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24 September

The Barakat murders: Racist hatred or political execution?

Friends and family of Orouba and Halla Barakat say the family received death threats from the supporters of the Syrian regime


 
Syria’s leading opposition activist Orouba Barakat and journalist daughter Halla, known for their opposition against the regime of President Bashar Assad in Syria, were found murdered in their Istanbul home on Sept. 21. Their friends and colleagues were quick to point the finger at the regime, but it is too early to jump to any conclusions as the murder investigation is still ongoing.
 
Halla is not the first Syrian journalist to be assassinated in Turkey. There are four other cases where anti-Assad reporters were assassinated in the southeastern Antep and Urfa provinces between 2015 and 2016. ISIS claimed responsibility in some of those cases.
 
However, online threats received by both Halla and her mother cannot be ignored: they were constantly targeted by pro-Syrian regime trolls as they played a crucial role in helping Syrians who fled the regime and came to Turkey, seeking protection. It is also known that, Orouba had close ties to some Free Syrian Army (FSA)-affiliated groups operating in Syria, particularly in Idlib, according to accounts of those who knew her well.
 
Halla’s Facebook posts also confirm their stance: she has posted about the deaths of many of her activist friends -- who were for the Syrian revolution -- in Syria and elsewhere. Post after post, she mourns to loss of a close friend; a chilling clue how close death was to her when she was alive.
 
The family is no stranger to grief. Deah Barakat, a cousin of Halla, who lived in the USA, was among the victims of the 2015 Chapel Hill Shooting in which the three Muslim students were killed in 2015. Orouba’s sister Shaaza Barakat was on board the Mavi Marmara, a vessel that was part of a flotilla attempting to defy the Israeli blockade in 2010. Nine Turkish activists were killed in an Israeli raid on the civilian flotilla, but Shaaza survived.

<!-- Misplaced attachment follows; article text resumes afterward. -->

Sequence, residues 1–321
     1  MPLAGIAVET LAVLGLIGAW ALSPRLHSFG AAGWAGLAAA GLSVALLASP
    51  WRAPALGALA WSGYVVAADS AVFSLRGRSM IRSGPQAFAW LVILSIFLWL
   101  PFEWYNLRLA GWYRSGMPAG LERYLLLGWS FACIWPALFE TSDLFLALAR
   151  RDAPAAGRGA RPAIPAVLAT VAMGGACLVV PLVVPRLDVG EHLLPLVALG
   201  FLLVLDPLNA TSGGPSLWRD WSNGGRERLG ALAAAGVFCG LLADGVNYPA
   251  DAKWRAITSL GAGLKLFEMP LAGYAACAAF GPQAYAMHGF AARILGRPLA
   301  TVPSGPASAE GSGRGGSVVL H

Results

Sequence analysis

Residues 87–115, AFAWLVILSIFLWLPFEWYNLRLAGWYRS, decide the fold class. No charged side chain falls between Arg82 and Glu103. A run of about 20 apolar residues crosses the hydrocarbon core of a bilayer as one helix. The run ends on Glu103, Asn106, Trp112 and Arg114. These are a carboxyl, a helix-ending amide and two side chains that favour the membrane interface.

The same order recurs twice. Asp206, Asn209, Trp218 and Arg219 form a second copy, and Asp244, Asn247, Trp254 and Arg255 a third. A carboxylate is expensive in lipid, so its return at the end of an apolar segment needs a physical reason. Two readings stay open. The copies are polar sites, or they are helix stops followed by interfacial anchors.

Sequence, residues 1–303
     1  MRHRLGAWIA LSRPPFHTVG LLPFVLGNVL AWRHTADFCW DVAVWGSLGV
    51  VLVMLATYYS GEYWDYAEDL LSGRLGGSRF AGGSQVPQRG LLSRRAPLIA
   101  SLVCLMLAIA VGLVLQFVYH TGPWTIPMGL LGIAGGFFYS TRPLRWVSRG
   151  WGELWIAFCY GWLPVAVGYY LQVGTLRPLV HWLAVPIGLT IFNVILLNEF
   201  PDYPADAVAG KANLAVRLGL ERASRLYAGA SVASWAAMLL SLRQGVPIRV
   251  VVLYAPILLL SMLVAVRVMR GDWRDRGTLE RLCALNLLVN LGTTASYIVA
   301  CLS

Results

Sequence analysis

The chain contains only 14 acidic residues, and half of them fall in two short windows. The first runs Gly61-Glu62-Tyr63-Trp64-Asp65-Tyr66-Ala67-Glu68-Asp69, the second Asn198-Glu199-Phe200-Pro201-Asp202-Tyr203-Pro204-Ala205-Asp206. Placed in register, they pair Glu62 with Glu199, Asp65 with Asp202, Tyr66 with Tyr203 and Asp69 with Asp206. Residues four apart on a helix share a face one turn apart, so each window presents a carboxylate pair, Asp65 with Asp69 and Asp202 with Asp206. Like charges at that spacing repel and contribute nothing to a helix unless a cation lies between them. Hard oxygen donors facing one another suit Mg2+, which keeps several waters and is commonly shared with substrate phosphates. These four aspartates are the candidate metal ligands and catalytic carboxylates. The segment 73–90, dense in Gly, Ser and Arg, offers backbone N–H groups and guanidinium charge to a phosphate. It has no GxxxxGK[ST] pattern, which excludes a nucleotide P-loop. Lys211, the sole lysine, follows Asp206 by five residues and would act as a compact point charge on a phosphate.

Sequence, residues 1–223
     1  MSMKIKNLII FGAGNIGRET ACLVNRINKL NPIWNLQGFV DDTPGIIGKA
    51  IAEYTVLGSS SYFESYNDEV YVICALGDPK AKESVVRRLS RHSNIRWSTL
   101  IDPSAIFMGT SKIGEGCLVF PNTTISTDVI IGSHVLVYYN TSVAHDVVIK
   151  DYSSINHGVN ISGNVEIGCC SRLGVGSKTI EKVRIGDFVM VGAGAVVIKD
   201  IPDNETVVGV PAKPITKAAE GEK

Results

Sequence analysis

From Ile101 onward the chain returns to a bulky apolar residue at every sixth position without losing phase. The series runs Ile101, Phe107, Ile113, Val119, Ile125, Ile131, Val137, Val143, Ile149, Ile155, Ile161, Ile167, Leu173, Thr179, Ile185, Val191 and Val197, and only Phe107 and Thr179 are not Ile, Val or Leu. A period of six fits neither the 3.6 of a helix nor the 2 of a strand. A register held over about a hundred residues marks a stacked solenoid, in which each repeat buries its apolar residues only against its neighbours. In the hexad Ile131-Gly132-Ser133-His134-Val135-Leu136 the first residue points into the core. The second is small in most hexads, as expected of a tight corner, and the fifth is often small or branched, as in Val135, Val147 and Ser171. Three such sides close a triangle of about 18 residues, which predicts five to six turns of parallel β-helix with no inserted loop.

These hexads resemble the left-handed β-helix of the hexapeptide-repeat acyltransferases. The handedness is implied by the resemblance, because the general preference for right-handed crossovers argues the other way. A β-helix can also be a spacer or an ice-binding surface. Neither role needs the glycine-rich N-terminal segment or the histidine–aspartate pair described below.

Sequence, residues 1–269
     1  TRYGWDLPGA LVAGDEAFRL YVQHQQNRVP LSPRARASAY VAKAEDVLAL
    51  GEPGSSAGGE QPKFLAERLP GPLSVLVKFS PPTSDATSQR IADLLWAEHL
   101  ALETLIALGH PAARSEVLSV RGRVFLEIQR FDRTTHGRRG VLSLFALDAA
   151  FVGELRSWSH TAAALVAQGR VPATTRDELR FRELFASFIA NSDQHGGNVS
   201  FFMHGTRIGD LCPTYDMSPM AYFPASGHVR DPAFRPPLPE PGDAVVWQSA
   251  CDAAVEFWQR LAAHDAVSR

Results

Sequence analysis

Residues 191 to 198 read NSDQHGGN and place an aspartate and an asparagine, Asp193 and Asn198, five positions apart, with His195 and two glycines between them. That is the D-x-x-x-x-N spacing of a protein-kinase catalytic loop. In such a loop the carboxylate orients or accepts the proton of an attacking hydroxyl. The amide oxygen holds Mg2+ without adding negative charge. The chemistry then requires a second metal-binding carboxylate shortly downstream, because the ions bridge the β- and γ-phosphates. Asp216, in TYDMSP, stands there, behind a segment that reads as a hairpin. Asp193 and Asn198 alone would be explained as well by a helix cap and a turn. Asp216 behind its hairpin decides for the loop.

Orouba was loudly outspoken on the massive human rights violations committed by the regime since the 1980s. She has documented -- both to English and Arabic speaking audiences -- the atrocities committed in Assad-controlled prisons. Halla1 ref followed in her mother’s footsteps, by opting to be a journalist. Remembered for her bravery, philanthropy and kindness by those around her, colleagues say she was born to pursue a career in journalism. The young woman was fluent in English, French and Arabic, assisting her to establish a wide network of contacts from various segment of society, including leading media organizations of Turkey such as the state-owned TRT World television station. Halla graduated from Political Sciences and International Relations department of Istanbul’s Şehir University with a good GPA.
 
Halla is also remembered for her wholehearted dedication to humanitarian aid efforts for Syrian refugees in Turkey, often in cooperation with local civil society groups. Some colleagues have suggested that the active role she and her mother played in Syrian opposition to Assad might be linked to their murders.
 
 
‘Syrian intelligence issued arrest warrant for Orouba’
 
Zaman al Wasl, a Syrian website, reported on Sept. 21 that the Syrian government had issued three arrest warrants for Orouba Barakat. “According to the leaked Intelligence archives each of the three intelligence departments -- General Intelligence, the Military Intelligence and The Criminal security -- has issued warrants to arrest Barakat, who has been an opponent of the ruling Baath party since the 80s,” the daily reported.
 
Ertan Karpazlı, with whom Halla worked together at TRT World, has said that he had known Halla for 2.5 years. “She was as brave as her mother,” he remembers.